"Juneteenth Community Genealogy: Finding Enslaved Ancestors"  
Presented by the Robert F. Smith Explore Your Family History Center

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Search the Records of the Freedman’s Bureau

Initiative

The Freedmen's Bureau Records

The Museum is focusing attention on the post-Civil War transition of enslaved people to freedom by making the records of the Freedmen’s Bureau accessible online.
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Carte-de-visite of a woman with a young boy

Carte-de-visite of a woman with a young boy.

Collection of the Smithsonian National Museum of African American History and Culture, Gift of Linda and Artis Cason

Listen to an African American Folk Tale

Listen to the African American Folk Tale “Tops and Bottoms” as retold by acclaimed storyteller, Diane Macklin, whose work inspires hope, peace and justice.

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A Juneteenth Feast

Breaking bread with loved ones is the culmination of any event, and Juneteenth is no different. Here are some ideas for your Juneteenth feast.

Photo of a group of people having a picnic ca. 1920

Photo of a group of people having a picnic ca. 1920

Collection of the Smithsonian National Museum of African American History and Culture, Gift of Jennifer Cain Bohrnstedt

I spoke with my grandma to get a sense the ideal Juneteenth picnic menu. My grandmother drew on her memories as a child and June picnics that her church and community group have every year. She stated the menu should consist of easily prepared foods that can sit outside for an extended period without going bad such as salads and pickled side dishes. She emphasized fruits, mainly watermelon and peaches. Lastly, she stated that June is a good time for produce because there are a lot of fruits and vegetables that are coming in for the summer season.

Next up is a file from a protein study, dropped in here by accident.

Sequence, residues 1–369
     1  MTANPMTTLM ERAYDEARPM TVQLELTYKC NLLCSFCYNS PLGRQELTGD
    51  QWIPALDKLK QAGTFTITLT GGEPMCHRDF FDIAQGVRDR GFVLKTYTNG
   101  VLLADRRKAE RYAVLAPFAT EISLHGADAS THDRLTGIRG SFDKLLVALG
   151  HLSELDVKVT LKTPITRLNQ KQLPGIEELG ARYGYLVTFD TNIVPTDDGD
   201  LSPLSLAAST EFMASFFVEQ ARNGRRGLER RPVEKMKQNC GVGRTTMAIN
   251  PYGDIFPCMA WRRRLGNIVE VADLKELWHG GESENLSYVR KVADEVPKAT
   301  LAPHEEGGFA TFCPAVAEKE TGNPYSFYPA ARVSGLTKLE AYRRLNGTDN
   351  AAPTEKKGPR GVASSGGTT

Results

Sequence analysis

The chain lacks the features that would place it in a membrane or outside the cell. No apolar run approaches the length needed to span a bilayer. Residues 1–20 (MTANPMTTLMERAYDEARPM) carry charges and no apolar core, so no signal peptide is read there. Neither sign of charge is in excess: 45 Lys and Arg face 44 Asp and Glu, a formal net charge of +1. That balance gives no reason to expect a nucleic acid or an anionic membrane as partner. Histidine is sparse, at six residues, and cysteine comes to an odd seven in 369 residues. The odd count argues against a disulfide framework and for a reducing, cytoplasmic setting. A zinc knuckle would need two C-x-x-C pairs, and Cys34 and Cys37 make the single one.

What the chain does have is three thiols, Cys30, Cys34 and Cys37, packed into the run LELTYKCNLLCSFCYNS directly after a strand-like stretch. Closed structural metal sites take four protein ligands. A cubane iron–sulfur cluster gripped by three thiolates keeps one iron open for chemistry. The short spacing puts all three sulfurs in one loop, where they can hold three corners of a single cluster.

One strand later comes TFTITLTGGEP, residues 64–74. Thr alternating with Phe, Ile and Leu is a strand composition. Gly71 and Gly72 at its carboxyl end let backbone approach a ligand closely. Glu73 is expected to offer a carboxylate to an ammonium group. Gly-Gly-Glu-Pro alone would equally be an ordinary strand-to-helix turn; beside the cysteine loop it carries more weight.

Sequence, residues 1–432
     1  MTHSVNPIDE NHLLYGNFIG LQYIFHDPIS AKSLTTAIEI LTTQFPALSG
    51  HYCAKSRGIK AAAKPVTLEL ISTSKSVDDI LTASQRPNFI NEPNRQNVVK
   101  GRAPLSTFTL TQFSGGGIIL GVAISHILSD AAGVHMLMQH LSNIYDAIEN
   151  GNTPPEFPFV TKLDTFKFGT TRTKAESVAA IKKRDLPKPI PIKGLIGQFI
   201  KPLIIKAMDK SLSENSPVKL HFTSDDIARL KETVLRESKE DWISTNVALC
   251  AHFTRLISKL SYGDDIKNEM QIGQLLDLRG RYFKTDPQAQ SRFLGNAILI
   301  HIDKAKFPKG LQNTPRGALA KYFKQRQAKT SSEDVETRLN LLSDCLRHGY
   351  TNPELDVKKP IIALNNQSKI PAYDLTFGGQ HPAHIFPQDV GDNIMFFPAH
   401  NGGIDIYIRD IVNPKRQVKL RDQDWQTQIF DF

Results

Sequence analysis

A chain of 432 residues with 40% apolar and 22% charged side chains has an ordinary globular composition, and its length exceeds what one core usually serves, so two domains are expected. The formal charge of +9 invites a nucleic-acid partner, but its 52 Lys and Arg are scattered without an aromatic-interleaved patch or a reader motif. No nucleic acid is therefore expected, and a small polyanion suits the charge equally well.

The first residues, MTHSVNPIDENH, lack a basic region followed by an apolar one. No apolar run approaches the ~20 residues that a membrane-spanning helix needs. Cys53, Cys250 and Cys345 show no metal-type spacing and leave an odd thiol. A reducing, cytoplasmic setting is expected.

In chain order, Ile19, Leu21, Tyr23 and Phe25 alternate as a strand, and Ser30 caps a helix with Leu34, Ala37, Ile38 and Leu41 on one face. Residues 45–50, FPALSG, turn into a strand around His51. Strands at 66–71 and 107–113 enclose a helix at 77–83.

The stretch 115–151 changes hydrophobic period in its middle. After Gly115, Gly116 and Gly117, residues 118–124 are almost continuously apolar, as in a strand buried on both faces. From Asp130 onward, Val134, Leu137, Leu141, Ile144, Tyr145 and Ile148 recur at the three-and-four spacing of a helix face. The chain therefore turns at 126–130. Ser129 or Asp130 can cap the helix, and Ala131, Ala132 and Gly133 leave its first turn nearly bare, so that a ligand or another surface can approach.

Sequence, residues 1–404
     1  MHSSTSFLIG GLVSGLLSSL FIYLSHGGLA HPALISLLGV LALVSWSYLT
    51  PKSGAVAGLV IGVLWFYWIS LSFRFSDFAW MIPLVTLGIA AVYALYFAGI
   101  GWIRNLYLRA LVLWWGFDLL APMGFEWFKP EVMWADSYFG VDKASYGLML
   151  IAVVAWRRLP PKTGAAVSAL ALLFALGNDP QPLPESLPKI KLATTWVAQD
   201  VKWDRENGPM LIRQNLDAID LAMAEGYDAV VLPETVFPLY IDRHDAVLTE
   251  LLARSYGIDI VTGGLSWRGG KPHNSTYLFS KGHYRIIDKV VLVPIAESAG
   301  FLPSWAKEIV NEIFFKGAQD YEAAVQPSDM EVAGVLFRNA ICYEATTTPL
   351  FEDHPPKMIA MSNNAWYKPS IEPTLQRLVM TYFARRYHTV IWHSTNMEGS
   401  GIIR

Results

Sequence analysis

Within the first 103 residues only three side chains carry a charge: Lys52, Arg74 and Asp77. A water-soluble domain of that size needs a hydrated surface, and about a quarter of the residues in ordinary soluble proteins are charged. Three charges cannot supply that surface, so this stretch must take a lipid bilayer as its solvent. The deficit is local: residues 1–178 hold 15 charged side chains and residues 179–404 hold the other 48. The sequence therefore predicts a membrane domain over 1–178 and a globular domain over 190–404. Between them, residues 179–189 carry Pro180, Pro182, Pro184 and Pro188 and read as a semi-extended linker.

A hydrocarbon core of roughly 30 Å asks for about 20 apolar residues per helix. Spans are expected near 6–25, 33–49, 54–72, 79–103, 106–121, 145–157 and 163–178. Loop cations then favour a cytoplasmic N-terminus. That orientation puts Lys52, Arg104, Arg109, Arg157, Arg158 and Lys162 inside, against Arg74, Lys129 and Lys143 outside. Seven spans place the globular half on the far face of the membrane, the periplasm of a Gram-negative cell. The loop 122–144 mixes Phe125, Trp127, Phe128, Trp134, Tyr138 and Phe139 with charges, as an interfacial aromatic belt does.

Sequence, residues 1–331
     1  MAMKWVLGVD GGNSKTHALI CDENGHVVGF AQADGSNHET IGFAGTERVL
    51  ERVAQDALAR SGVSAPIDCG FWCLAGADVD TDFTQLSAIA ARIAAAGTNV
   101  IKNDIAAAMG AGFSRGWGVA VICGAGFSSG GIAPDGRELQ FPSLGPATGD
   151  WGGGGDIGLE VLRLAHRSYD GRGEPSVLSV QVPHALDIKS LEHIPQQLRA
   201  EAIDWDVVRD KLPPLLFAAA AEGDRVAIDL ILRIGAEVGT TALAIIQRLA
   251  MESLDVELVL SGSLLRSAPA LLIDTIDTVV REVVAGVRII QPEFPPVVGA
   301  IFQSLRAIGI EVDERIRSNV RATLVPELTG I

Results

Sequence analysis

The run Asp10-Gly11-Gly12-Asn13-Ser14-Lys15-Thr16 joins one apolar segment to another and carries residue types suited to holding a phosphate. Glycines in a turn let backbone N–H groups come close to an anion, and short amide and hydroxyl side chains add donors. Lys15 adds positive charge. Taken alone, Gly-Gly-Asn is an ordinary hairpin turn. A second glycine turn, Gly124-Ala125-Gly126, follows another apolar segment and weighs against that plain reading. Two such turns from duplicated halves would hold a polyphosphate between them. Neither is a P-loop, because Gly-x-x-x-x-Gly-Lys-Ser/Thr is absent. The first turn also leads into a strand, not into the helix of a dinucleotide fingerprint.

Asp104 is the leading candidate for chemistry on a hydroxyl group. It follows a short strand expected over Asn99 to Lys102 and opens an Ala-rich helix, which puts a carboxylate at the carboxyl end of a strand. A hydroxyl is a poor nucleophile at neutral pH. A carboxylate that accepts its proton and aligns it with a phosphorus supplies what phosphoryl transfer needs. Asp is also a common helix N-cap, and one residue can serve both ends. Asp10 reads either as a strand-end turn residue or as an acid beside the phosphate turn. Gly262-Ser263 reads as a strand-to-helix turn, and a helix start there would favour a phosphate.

Leslie Walker Manager of Social Justice and Scholarly Programs (NMAAHC)

Based on his grandmother’s memories, Leslie recommends a summer picnic that includes: 

  • Hickory-smoked chicken 
  • Fried green tomatoes 
  • Red beans and rice  
  • Coleslaw 
  • Peach Cobbler

The "Sweet Home Café Cookbook" features a Juneteenth menu. These selected recipes reflect the holiday’s Texas roots.

Barbequed Beef Brisket Sandwich
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Barbequed Beef Brisket Sandwich

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Stewed Tomatoes and Okra
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Stewed Tomatoes and Okra

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High Mesa Peach and Blackberry Cobbler
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High Mesa Peach and Blackberry Cobbler

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FAMILY FUN

Make A Flag for Juneteenth!  

What is a flag? 

  • A flag is usually a rectangle with a special design and colors. Flags can be a symbol, tell a story, and be used to celebrate special occasions. 

Your job:

  • Design a flag for you and your family to use to celebrate Juneteenth! 

 

Click the button below for instructions.

Juneteenth Flag Activity

"Juneteenth: A Celebration of Resilience" has been generously supported by The William R. Kenan, Jr. Charitable Trust.